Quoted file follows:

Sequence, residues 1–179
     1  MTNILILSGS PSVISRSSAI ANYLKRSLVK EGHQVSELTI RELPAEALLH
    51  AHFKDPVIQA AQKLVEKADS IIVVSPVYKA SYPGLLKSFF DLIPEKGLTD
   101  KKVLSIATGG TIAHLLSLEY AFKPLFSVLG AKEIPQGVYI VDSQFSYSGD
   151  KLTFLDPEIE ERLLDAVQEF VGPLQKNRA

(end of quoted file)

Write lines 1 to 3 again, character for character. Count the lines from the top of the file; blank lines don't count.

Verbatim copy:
Sequence, residues 1–179
     1  MTNILILSGS PSVISRSSAI ANYLKRSLVK EGHQVSELTI RELPAEALLH
    51  AHFKDPVIQA AQKLVEKADS IIVVSPVYKA SYPGLLKSFF DLIPEKGLTD